Virtue almost seems a little antiquated. Maybe a lot antiquated. I mean, some of you might not really know how to define virtue. And if you can’t even define something, how important can it be to focus on that with your child?
Virtue is vitally important. Even if you don’t know what virtue means.
I am willing to bet you really know what virtue is and that you even subscribe to the idea of teaching virtue to your children. Virtue is moral excellence. Virtue is strength. Virtue basically is every good moral quality in a person. Kindness, charity, honesty, diligence, patience, forgiveness, obedience, respectfulness…these are all virtues.
There is an old proverb you have probably both heard and quoted many times. “Patience is a virtue.”
This is just one of the seven heavenly virtues: Humility, kindness, abstinence, chastity, patience, liberality, and diligence. These are to contradict the seven deadly sins.
So why focus on virtue?
A focus on virtue is a focus on prevention. When we focus on virtue, we focus on preventing our children from future pitfalls.
We must be proactive in our modern world. There was the day, probably even childhood for many of us, when a parent could wait on teaching certain things. There was a day we could let children roam and have a grand time and all would turn out well. We could let their minds follow the innocent path of childhood and the path would be smooth and lead to a nice soft landing.
Those days are no longer reality. Today we need to be proactive. Today we need to teach children about common pitfalls at ridiculously young ages. Experts are suggesting teaching about pornography after the age of 6 is simply too late. Too late! That is not the world I grew up in.
Virtues protect against a myriad of problems. Let’s stay on the pornography topic. A child who is taught empathy, respect for others, and love for others is not going to be attracted to pornography. When “the world” tells this child that pornography is natural, the child will question that because it will be in direct contrast to what the parents have taught in the home.
Or how about the obstacle of self-worth. How many women and girls really like their bodies? How many are happy with what the see when they look in the mirror? What might happen if we focused on virtues of humility and liberality (combating pride and greed)? What if the virtues of loving others and shunning idols were so strongly embedded into a woman that she was able to ignore the onslaught of “you aren’t good enough” and tap in to the strength of her virtues and be happy with who she is?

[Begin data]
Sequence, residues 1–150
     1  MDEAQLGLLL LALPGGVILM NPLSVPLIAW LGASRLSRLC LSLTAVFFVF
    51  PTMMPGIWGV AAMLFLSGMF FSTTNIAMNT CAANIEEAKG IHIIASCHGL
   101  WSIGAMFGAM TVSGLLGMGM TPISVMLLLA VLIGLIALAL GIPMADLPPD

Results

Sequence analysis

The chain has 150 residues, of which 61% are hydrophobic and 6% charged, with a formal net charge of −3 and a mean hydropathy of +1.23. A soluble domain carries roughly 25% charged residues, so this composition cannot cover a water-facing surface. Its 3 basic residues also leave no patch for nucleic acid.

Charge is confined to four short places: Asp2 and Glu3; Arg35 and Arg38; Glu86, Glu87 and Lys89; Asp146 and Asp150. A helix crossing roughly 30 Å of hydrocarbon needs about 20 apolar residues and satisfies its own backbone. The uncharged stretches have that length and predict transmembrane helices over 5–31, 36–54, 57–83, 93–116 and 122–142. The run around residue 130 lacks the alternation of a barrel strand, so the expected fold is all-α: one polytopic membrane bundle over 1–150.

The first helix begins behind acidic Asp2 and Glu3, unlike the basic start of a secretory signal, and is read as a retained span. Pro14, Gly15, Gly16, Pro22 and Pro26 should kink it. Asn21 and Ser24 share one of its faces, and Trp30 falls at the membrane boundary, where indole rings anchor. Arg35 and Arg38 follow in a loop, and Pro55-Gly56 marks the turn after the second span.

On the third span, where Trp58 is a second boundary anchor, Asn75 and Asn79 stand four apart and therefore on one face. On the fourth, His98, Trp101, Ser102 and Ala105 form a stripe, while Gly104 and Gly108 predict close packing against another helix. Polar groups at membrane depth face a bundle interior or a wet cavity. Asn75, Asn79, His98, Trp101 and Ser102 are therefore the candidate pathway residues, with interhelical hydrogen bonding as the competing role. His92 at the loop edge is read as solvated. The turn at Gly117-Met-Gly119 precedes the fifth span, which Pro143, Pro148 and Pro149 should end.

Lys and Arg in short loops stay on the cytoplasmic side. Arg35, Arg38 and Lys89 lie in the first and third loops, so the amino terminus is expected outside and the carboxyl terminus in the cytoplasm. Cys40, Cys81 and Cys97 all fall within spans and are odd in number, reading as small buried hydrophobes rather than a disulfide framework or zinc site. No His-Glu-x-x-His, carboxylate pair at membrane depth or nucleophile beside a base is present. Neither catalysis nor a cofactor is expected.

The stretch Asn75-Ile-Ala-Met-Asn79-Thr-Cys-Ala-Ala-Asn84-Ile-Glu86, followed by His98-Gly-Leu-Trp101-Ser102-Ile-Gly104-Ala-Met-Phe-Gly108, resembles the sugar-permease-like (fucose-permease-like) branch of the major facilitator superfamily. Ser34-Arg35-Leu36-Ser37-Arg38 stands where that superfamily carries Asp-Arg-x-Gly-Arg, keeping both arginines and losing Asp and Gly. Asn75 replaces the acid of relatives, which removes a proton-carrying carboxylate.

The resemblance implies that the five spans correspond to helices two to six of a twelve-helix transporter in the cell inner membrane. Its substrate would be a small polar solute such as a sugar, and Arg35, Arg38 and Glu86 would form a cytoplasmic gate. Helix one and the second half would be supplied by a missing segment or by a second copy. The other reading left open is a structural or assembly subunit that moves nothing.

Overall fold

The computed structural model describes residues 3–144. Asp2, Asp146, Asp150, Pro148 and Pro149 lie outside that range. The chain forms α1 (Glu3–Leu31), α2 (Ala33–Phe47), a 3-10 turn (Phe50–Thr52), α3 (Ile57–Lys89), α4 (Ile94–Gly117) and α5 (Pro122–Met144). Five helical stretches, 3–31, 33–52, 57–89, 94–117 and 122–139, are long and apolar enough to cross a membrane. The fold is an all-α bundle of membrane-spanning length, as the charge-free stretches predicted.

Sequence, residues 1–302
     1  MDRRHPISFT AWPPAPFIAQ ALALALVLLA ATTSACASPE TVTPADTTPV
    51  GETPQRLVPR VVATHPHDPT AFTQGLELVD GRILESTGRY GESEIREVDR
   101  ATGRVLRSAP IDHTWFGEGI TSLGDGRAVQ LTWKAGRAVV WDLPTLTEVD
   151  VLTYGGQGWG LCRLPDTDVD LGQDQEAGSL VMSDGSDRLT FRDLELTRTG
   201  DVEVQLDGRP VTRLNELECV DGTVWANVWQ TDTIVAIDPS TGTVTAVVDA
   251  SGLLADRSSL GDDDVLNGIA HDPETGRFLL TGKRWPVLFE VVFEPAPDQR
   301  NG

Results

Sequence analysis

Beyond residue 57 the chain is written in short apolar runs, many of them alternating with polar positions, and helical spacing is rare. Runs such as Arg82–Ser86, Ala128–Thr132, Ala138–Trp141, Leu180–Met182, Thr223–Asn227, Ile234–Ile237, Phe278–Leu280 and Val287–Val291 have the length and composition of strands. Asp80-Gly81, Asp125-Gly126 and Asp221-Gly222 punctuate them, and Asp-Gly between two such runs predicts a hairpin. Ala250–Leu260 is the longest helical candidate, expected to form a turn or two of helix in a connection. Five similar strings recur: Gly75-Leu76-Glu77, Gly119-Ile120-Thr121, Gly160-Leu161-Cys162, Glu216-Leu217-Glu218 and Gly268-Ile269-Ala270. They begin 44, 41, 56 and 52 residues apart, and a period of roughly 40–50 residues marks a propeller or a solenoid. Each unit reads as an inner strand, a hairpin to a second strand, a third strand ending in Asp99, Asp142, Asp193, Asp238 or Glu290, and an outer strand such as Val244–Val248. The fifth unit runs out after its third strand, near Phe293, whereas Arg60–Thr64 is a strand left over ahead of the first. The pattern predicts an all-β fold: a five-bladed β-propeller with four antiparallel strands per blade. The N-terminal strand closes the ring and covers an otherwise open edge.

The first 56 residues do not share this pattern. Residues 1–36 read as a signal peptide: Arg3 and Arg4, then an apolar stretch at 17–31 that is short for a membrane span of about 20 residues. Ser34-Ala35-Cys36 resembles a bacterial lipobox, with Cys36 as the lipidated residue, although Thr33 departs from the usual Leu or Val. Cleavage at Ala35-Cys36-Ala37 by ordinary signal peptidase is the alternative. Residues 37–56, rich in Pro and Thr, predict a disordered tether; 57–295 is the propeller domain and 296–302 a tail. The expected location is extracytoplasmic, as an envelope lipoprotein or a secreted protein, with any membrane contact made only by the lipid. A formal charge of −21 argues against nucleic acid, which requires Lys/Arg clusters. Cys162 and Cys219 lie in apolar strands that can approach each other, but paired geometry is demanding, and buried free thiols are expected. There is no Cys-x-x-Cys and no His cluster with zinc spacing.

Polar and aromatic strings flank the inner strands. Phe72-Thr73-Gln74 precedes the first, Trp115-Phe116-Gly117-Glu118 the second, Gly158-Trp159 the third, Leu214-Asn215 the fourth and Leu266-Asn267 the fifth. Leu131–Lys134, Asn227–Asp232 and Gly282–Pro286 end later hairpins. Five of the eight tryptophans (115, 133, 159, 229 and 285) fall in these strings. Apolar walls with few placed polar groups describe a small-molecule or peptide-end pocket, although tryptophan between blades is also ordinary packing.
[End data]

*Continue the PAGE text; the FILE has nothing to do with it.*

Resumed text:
A virtue is nurtured in the home. We might see good examples of virtues around us in the world. Those might inspire us to be better people. We might have rules reinforced that require us to act on certain virtues. Children will surely have rules at school, church, or dance class that certainly require the actions of virtues. But the nourishment of the virtues isn’t done while our children are out and about. We must nurture these in our home. We must explain why these virtues are important.
Acting on virtue will often mean you stand alone. Your child, if living the virtues taught at home, will most likely find him or herself standing alone as the virtue is followed or defended. Our children will need courage to do this. Our children will need confidence to be able to display the virtue to the world and not just shrink into the wallpaper.
Teaching virtue is about teaching your child to stand for what is right throughout their lives, even if it means standing alone.
Teaching Virtue Starts with Parents
Childwise Principle #8 is:
“To teach a virtue, one example (you) is better than a thousand lectures” (
On Becoming Childwise , page 92).
Parental example is vitally important in teaching our children. I have talked about it in these posts:
So if you have read this blog much or at least those posts, I know you have heard it from me before. Your child will not exhibit behavior that you yourself don’t exhibit (unless you have one of those amazing children who pretty much turn out great no matter what you do–they are out there).
Why is this? Not only the obvious of your child observes you to learn how to behave. Nor the equally as obvious that your child isn’t going to really want to do something you aren’t really willing or able to do yourself. Another big reason is that so many of the things we are trying to teach a child are abstract ideas.
How do you explain respect? How do you explain kindness? How do you explain charity? I mean, how do you explain those so an adult with a fully functioning vocabulary can understand–much less a young child who doesn’t fully understand a fair chunk of the words you say anyway?
These are abstract ideas. “To be learned, to be internalized, the abstract must be made concrete. Parents do this through practical, everyday examples” (page 92). As parents, we demonstrate what these things mean throughout the day. Our children not only mimic our actions, but they learn to assign meaning to the abstract things we have told them about–watching us is how they create a concrete idea from the abstract description we have given them.
Hopefully this idea of turning the abstract into concrete will help you to understand even more the reason your example is so important when it comes to teaching your children morals and virtues.
For more on virtue on this blog, see:
You can also check out some ideas from the ladies of the BFBN today. Check out:
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